As an online student, you are at the intersection of academia and technology. This is an exciting and dynamic place to be as educators across disciplines explore new ways to engage in scholarly pursuits and enhance learning environments. New media and communication technologies allow us to both access and distribute knowledge in changing ways. In a time when there are more questions than answers, your role in this process may be bigger than you think.
A Few Definitions
The concept of "digital scholarship" is relatively new and already evolving with the advent of new technologies and approaches to academic research, teaching, and learning. There is no one definition, but Anthony Vaver, and independent academic author and publisher, gives us a place to start defining a digital scholar as "someone who uses new publishing technologies to publish, distribute, and market his or her intellectual work." This definition speaks to dissemination made possible through the Internet, social media, and e-publishing options. Vaver also points out that these systems allow scholars, including those not working in academic positions, to continue engaging in "the exciting exchange of ideas that universities seemed to monopolize." Access to scholarly research and the researchers themselves can expand through the use of digital tools and systems.
Digital scholarship can also mean the application of technology to conduct scholarly work. The Digital Scholarship Lab (DSL) of the University of Richmond, for example, "aim[s] to integrate thoughtful interpretation in the humanities and social sciences with innovations in new media." The DSL website includes information on recent projects with searchable records and maps, as well as new visual tools and details of their digital research and presentation techniques. The University of Kansas' Center for Digital Scholarship is another example of an institution-led effort to provide services and resources for students and faculty members who want to "understand their roles in the shifting system of scholarly publishing and to share the results of their scholarship openly and publicly using innovative online tools."
Becoming a Digital Scholar
Martin Weller, in his 2011 book The Digital Scholar, helps us to understand what it is that scholars do. Among other sources, Weller cites the American Council of Learned Societies Commission on Cyberinfrastructure for the Humanities & Social Sciences' description of digital scholarship practice listed below:
- Building a digital collection of information for further study and analysis.
- Creating appropriate tools for collection-building.
- Creating appropriate tools for the analysis and study of collections.
- Using digital collections and analytical tools to generate new intellectual products.
- Creating authoring tools for these new intellectual products, either in traditional forms or in digital form.
This list presents some of the important tasks related to scholarship. Weller also explains that, "This is a period of transition for scholarship; and the context within which this is taking place." The technologies, activities, and skills required are changing and as an individual scholar you should be part of determining what the future looks like. You may already be involved in some of these activities in fundamental ways in your courses, but there's more you can do to reach beyond your course materials and assignments, and contribute your scholarship via technology.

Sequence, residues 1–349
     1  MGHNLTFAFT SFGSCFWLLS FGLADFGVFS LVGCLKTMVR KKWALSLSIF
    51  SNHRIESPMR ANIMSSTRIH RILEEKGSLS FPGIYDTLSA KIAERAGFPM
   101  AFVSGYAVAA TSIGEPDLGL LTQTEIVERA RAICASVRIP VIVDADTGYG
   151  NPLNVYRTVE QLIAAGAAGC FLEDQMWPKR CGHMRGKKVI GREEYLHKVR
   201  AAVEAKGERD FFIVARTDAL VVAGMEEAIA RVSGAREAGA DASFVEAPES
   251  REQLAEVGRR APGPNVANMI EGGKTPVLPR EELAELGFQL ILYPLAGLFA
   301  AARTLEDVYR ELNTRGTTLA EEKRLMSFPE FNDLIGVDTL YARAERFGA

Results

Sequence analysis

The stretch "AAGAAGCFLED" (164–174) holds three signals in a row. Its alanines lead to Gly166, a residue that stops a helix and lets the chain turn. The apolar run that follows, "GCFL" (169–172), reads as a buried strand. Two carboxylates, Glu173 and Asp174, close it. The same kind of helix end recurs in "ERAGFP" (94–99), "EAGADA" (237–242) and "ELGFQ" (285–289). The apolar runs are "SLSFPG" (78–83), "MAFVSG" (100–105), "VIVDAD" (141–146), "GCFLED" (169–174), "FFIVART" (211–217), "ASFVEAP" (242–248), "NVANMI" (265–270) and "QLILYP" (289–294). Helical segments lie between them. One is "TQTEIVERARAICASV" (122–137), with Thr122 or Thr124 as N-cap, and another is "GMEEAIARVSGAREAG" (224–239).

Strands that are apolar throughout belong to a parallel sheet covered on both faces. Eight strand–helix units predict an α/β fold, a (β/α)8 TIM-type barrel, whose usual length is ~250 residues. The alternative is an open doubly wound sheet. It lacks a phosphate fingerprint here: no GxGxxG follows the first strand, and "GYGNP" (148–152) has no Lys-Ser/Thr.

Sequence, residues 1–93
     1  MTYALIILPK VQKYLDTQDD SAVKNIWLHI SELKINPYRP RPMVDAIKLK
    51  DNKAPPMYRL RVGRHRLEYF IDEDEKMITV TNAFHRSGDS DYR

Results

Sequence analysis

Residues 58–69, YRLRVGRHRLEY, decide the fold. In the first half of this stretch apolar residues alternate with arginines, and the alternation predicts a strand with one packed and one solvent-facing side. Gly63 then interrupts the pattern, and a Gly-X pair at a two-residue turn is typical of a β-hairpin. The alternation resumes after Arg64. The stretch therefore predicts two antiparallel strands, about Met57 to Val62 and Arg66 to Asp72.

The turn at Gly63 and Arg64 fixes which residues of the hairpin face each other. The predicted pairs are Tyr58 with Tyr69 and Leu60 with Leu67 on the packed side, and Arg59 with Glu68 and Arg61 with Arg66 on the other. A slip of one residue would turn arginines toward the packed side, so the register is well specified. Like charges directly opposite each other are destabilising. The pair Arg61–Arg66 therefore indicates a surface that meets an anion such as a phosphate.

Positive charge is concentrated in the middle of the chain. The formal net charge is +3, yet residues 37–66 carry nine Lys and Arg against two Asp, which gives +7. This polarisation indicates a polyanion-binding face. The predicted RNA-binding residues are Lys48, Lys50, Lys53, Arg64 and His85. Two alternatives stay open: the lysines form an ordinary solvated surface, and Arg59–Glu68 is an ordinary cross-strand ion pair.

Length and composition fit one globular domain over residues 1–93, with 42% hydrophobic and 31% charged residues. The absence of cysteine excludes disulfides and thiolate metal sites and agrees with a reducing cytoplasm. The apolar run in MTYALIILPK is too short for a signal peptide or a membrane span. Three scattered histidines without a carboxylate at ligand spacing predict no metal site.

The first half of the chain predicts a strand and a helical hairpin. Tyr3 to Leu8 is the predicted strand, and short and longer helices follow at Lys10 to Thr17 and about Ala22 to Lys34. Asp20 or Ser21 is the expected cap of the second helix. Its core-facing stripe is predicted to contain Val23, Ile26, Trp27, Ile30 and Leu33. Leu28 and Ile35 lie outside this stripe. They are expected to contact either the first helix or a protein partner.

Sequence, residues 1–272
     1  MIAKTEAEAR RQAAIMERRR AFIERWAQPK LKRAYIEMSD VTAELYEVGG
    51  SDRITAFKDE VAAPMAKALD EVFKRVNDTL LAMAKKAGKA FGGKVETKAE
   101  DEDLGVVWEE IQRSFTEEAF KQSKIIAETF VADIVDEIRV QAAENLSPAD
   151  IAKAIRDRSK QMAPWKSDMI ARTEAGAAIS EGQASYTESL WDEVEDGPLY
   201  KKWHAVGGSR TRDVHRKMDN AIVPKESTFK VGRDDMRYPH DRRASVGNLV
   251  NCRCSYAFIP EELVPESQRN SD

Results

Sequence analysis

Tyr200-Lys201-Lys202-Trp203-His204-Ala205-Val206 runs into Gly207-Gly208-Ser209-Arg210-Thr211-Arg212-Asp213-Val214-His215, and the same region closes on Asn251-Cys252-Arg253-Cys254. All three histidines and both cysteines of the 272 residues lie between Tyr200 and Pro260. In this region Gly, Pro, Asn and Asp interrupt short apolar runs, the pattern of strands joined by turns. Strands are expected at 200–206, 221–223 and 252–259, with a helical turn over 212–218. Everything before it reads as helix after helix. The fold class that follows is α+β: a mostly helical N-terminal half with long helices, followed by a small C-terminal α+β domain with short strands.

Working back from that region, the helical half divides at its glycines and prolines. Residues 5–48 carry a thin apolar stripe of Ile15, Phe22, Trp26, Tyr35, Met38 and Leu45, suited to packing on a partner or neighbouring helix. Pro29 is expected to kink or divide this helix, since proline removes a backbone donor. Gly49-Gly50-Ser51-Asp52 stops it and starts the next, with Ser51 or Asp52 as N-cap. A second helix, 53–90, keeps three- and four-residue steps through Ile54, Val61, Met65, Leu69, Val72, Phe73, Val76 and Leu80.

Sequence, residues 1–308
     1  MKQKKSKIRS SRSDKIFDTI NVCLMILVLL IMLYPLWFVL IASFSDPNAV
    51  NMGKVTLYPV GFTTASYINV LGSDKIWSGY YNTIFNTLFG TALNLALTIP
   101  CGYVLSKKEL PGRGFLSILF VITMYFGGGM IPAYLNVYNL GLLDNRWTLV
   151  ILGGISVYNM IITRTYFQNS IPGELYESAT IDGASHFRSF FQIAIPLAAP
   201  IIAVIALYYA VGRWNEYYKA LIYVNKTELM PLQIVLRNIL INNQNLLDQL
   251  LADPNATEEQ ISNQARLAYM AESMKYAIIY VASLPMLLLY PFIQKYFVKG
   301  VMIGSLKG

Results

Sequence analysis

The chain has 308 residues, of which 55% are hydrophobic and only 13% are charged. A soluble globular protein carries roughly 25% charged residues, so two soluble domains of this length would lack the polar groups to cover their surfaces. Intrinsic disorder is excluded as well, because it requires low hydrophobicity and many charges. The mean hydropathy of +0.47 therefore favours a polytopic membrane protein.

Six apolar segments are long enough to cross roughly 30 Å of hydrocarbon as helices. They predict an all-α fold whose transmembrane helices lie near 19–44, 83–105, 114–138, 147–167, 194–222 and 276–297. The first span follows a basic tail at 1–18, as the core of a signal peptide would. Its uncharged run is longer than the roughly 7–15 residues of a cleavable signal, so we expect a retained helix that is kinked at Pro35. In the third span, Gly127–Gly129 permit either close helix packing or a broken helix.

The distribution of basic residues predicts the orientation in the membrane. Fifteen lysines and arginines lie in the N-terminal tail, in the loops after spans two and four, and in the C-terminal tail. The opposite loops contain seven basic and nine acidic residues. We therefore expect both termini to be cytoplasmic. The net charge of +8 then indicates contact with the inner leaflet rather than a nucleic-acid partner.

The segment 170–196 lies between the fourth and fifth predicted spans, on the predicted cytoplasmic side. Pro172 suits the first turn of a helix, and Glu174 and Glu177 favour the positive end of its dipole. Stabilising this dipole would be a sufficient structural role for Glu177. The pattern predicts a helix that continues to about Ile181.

Read and Participate:
Add current digital scholars to your reading list. They are often publishing their work, and reflections on technology use, through blogs and other online venues. Take a look at Dan Cohen's digital humanities blog, and collaborative sites such as The Scholarly Kitchen. A recent post addressing peer-review and web-based publications sparked interesting discussion. As you read the work of digital scholars consider adding your perspective and questions through comments.
You can also join existing online communities of digital scholars who are exchanging ideas, working to better define roles, and promoting leading practices in academic scholarship and technology. HASTAC: Humanities, Arts, Science, and Technology Advanced Collaboratory is one of these groups, with a web-based collection of articles, forums, and events, and a call for content. Academic Commons and MediaCommons also offer opportunities for you to participate in conversations and share resources about digital scholarship.
Write and Publish:
Consider starting your own blog or other website through which you can share your academic and professional experiences. This might include reflecting on your own learning, continued questioning of digital scholarship and your field, and sharing your perspective on a variety of concepts and projects. You can also become more familiar with digital academic journals (e.g., DOAJ) and submit your work for publication. While this is particularly relevant for graduate-level students, who may be interested in academic careers, the experience of academic publishing can be helpful at all levels of higher education, and for both students and instructors.
Explore, Learn, and Share:
While not yet widely accepted in traditional academic settings (i.e., faculty tenure and promotion packets), according to Adeline Koh, assistant professor of literature at Richard Stockton College, "the call to seriously consider forms of new media, such as blogging, YouTube, and Twitter as part of academic scholarship is growing louder and louder." As you work through your courses and programs you have the opportunity to make a contribution by sharing your perspective and your work. Explore the avenues available and join the conversations that will help shape the future of digital scholarship.
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